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B for me by POE: If you can recognize at first sight that the subject is the plural soaring television costs, then things will unfold. The choices using singular pronoun or verb such as it ]in A, was so in D and greater than it has in E are out.

In C the use of present perfect to denote what happened and ended in the previous campaigns and which are not continuing now, is ungrammatical, leaving only B as the right choice.
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Re: Soaring television costs accounted for more than half the spending  [#permalink]

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12 Oct 2010, 04:32
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metallicafan wrote:
Soaring television costs accounted for more than half the spending in the presidential campaign of 1992, a greater proportion than it was in any previous election.

(a) a greater proportion than it was
(b) a greater proportion than
(c) a greater proportion than they have been
(d) which is greater than was so
(e) which is greater than it has been

Spoiler: :: doubt
Ok, here we have a problem of pronoun reference. Usually, the rule in the GMAT is that the option is wrong when we are not sure to which noun the pronoun ("it" in option A) refers. However, I have seen other questions in which "it" is correct although it doesn't have an antecedent. Could you explain me in which cases this is correct?

Hi Metallicafan,
In the above sentence the problem with A is not just the pronoun reference. First dealing with the reasons why B is right :
The Structure of the sentence:
Soaring Television costs accounted for more than half the spending [...], a greater proportion than [...].
'A Greater proportion' is modifying the Noun Clause beginning with the Present Participle.

The structure 'X greater than Y' when the comparison is between 2 different things.
To make a comparison between one instance of X with all the remaining instances of X... the structure is: 'X greater than in any other instances of X'

In the given sentence the comparison is not between 2 different things, hence the former structure is incorrect and we choose the latter structure. Hence B is correct.

Now going back to the Pronoun Reference issue:
A - Incorrect Pronoun reference because the Pronoun 'It' has the antecedent
'Greater Proportion' ... replace the pronoun with the antecedent and you will have a nonsensical sentence. Hence for the above 2 reasons A is incorrect.
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12 Oct 2010, 04:52
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I forgot to mention why option D and E are incorrect ( even though I guess most know it ) .... Which should be adjacent to the noun it is modifying. In D and E 'which' is adjacent to 1982 ... Hence both the options are wrong.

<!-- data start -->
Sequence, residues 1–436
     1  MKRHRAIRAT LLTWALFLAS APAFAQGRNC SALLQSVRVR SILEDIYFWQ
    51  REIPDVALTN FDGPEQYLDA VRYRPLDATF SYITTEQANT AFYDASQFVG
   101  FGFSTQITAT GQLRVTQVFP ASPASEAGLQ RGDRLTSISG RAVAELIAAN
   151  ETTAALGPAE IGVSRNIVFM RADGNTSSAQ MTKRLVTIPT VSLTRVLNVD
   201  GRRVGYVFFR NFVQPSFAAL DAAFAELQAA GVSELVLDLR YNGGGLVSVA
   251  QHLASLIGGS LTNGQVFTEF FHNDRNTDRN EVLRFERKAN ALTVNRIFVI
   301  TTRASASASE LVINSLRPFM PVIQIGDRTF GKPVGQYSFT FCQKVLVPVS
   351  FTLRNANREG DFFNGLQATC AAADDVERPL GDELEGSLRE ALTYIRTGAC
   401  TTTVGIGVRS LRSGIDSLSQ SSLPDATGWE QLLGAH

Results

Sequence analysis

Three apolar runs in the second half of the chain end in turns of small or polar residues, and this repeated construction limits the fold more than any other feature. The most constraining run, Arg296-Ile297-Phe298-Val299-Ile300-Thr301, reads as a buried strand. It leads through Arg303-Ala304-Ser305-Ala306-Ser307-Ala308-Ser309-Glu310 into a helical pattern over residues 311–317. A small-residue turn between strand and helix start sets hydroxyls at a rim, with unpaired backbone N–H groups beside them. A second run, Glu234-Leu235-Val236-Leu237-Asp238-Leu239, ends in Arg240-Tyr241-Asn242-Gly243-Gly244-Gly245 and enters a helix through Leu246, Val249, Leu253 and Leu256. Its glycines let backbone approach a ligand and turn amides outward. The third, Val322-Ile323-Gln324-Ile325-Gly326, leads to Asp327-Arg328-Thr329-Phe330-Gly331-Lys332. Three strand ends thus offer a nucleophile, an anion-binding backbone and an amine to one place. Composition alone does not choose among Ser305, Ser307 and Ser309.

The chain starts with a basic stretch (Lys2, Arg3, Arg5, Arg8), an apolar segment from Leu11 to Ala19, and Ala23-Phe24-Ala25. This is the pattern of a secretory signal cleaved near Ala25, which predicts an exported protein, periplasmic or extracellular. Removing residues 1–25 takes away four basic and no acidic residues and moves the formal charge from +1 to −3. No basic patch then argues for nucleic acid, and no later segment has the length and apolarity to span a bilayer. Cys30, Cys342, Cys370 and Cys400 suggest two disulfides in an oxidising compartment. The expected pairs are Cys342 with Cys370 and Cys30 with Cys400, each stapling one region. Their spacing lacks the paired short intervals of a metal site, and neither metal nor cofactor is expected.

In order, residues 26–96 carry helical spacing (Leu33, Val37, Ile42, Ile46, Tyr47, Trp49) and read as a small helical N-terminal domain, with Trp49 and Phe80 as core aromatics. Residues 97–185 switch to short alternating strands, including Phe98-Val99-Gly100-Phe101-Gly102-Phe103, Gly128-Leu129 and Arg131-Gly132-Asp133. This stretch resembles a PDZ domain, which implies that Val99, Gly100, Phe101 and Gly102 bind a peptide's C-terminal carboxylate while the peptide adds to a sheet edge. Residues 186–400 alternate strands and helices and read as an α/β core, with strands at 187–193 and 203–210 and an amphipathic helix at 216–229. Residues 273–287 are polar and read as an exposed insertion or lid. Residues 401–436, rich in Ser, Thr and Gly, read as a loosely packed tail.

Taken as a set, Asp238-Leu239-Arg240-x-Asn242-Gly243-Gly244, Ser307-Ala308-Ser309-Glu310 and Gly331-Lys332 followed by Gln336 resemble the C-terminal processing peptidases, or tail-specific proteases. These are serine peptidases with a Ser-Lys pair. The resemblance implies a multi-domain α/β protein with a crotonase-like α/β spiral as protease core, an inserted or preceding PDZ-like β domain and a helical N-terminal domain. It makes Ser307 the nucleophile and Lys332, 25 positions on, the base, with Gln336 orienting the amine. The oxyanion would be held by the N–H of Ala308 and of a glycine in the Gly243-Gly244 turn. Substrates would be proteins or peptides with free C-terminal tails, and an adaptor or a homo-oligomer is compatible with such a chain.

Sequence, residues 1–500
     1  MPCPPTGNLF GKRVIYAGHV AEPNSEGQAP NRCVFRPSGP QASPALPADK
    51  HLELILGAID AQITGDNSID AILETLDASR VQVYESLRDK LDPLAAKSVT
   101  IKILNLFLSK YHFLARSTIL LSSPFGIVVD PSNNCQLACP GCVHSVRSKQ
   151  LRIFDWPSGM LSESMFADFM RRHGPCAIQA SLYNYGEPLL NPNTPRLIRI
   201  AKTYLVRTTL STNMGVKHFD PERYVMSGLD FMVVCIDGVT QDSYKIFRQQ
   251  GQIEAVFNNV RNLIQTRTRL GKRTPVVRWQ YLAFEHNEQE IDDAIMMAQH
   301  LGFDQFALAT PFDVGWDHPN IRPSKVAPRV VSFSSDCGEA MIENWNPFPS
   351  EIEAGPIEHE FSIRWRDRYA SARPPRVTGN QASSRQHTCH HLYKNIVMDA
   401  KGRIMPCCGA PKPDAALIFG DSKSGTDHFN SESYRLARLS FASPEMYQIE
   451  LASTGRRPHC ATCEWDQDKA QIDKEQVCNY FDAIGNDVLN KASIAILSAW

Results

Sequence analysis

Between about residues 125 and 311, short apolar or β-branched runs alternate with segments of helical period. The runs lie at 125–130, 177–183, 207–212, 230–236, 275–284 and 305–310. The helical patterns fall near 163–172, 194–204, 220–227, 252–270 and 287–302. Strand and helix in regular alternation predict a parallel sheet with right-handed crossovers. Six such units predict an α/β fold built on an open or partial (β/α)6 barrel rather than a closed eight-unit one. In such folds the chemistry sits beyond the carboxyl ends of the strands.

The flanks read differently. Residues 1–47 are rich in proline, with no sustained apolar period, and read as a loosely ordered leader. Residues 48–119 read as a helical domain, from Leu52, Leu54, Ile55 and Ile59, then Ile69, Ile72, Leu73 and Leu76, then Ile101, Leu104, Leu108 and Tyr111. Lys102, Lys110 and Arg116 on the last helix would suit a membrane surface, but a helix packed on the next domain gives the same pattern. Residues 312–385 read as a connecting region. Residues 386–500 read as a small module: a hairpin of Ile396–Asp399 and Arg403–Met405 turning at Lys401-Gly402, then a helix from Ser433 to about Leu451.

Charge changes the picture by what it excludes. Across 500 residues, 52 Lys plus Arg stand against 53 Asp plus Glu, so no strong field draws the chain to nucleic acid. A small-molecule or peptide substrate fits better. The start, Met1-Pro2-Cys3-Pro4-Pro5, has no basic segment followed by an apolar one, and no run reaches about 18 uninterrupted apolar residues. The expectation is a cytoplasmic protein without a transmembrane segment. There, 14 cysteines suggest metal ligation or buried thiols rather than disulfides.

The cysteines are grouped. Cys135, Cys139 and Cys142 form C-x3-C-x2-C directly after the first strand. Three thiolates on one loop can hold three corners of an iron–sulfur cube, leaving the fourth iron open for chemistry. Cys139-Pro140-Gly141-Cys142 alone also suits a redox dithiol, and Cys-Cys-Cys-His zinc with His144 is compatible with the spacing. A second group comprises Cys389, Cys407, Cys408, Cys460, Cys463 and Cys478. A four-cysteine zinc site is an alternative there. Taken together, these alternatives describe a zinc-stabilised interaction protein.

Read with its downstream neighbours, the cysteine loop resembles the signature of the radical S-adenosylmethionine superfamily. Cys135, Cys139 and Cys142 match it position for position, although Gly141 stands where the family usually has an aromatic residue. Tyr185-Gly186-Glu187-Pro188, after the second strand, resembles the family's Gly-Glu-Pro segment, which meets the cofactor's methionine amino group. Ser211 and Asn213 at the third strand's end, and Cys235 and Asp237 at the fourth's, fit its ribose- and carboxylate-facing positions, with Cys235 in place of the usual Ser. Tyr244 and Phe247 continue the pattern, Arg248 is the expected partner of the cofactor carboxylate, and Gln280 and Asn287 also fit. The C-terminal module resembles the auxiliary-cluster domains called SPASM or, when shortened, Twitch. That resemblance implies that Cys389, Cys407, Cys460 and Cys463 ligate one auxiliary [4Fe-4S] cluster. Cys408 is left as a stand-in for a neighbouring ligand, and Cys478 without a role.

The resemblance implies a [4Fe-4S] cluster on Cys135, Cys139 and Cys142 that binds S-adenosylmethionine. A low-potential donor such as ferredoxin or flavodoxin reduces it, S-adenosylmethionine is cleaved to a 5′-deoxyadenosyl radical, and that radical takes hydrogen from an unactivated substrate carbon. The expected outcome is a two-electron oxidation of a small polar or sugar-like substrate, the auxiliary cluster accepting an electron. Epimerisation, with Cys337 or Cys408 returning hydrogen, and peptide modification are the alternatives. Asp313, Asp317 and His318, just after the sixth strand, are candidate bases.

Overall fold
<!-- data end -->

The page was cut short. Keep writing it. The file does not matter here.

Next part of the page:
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Re: Soaring television costs accounted for more than half the spending  [#permalink]

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06 Nov 2010, 21:08
2
A. a greater proportion than it was
'It' doesn't have a clear referent.

B. a greater proportion than
Concise.

C. a greater proportion than they have been
'have been' is wrong tense. 'had been' or 'were' would have been correct.
D. which is greater than was so
'which' modifies presidential campaign and 'was so' is redundant.
E. which is greater than it has been
'which' modifies presidential campaign and 'has been' is wrong tense.

Even if there was another answer choice, written 'a greater proportion than they had been,' I would have still chosen B as the sentence does not need any further specification on what's being compared.

This is another example from an OG question.

Although Napoleon’s army entered Russia with far more supplies than in previous campaigns, it had provisions for only twenty-four days.
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Re: Soaring television costs accounted for more than half the spending  [#permalink]

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25 Jan 2011, 14:04
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Suchoudh, since you eliminated D and E, I'm guessing you know the "which" modifier/touch rule, which knocks out those two choices. ("Which" would refer back to 1992--that doesn't make sense!)

The phrase "greater...than" lets us know that we're comparing two things--remember that compared items must be logically comparable and structurally similar.

A, B, and C look very similar, except for their tail ends. A and C both contain prepositions.

(A) contains "it"-- what could be the antecedent for that pronoun? We have two singular options-- "campaign" and "spending." That's a problem-- ambiguity! Even if you're super versed in the GMAT and know that a certain degree of pronoun ambiguity can sometimes be tolerated (although typically not in the situation seen here), there is ANOTHER reason for eliminating (A): we are comparing a phrase and a clause--"the spending" versus "the spending was." ELIMINATE

In (B), "than" would be immediately followed by "in any previous election"...so the things we are comparing are "the spending IN" the 1992 campaign versus IN any previous election. This is ok.

In (C), we have the plural pronoun "they," which could only refer back to "costs"--- but we want to refer back to some form of "spending" (because we have "more than half the spending..." as the first chunk of that comparison). We also have the same phrase/clause issue that exists in (A)--ELIMINATE

That leaves B.
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Re: Soaring television costs accounted for more than half the spending  [#permalink]

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18 Oct 2011, 09:01